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    International Politics and Construction of Climate Security by Small Island Developing States: Maldives and Samoa

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    Event description

    Please note that this is a hybrid event. For online attendance please sign up to obtain the Zoom link. Access link will be delivered via email upon registration.

    This research investigates Small Island Developing States’ (SIDS) discursive formation of national and foreign policy on climate change as a security concern. It recognises SIDS have played an important role in promoting comprehensive approaches to climate security at the UN Security Council debates. While the Security Council has stayed away from fully securitising climate change, this thesis presents a conceptual/methodological framework to explain the domestic construction of climate security by SIDS, based on the experiences of Maldives and Samoa.

    In this final seminar, Athaulla Rasheed will argue that SIDS’ advocacy for broader meanings of security is important for the Security Council’s climate debates or securitising climate at the international level. In adopting a constructivist approach to international relations and security studies, this research identifies, analyses, and explains the discourses and identities constitutive of policy narratives that have shaped the climate threat identification and problem-solving approaches adopted in Maldives and Samoa. The Maldives and Samoa’s cases asserted that SIDS become important stakeholders in developing intersubjective narratives to incorporate more holistic and comprehensive aspects of problem-solving into the international peace and security discourse concerning climate change.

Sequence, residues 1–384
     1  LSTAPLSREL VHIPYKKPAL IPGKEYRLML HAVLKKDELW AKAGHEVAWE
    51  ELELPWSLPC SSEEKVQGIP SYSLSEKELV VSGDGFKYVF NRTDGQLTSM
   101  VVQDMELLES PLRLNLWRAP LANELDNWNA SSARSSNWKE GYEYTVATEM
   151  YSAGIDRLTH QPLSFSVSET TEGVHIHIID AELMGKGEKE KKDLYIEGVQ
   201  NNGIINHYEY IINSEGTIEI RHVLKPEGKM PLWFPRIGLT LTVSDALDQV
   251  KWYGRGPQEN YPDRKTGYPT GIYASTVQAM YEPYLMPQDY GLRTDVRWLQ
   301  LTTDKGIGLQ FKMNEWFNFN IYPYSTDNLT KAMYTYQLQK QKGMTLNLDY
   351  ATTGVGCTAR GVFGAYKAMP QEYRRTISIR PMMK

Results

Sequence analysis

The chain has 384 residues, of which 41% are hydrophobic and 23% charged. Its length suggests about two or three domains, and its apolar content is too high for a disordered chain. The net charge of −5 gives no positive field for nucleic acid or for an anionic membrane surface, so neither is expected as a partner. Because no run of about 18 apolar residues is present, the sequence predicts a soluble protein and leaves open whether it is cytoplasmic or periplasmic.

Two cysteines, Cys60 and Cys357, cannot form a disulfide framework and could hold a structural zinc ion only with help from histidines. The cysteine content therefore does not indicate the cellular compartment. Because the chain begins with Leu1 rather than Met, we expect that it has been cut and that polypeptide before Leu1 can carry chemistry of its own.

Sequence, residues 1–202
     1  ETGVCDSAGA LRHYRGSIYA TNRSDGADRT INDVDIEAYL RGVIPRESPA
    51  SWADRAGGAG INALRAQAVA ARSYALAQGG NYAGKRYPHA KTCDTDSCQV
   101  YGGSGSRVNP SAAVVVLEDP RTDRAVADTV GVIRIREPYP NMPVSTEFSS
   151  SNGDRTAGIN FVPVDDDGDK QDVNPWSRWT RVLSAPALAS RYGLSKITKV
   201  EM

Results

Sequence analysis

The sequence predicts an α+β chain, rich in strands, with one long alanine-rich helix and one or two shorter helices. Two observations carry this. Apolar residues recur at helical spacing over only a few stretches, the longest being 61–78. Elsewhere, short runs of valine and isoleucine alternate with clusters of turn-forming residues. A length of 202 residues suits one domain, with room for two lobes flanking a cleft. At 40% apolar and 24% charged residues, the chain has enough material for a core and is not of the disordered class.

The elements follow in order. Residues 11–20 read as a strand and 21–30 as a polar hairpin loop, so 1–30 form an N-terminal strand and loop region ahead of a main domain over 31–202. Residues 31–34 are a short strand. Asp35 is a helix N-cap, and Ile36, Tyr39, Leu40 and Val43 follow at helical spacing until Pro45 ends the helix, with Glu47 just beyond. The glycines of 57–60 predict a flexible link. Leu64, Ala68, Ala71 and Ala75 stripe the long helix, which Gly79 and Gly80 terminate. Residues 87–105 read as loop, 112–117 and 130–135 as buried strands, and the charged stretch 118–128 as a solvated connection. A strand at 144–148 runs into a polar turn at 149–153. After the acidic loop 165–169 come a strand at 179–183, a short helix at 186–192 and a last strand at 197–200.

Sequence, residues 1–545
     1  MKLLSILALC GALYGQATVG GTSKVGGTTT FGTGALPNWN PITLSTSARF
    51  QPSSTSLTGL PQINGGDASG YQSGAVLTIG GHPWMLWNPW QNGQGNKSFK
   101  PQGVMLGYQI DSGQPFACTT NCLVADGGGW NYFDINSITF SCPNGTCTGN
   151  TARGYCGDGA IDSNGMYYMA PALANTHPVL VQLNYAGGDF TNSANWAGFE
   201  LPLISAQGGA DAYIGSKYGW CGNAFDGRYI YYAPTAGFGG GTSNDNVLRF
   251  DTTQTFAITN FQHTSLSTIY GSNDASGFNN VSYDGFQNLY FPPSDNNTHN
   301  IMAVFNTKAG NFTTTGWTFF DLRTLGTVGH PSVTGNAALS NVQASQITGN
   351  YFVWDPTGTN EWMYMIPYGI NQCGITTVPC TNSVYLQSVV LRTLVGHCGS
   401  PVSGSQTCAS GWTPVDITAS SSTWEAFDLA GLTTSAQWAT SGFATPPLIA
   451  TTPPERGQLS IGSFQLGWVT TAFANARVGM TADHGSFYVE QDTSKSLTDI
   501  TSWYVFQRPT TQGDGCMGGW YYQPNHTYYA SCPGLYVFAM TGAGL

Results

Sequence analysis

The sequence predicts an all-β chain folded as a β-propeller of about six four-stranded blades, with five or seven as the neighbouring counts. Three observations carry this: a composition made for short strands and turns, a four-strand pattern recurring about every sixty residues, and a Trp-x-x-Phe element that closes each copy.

Speaker

    I am Athaulla Rasheed, and I am originally from Maldives. Currently, I am completing a PhD at the Department of Pacific Affairs, ANU, on understanding the broader meanings of security via the lens of climate security in small island developing states and their engagement in the UN Security Council debates. I was a former foreign service officer and diplomat at the Maldives Ministry of Foreign Affairs of Maldives and have convened and taught in the political science and international relations programme at the Maldives National University. I have authored in peer-reviewed international journals and policy publications on small states’ impact on international policy and regional security agenda in the Indian Ocean, the Pacific, and the Indo-Pacific security communities, and applied the small states’ security frame to study the Indian Ocean maritime security governance as part of international research projects.


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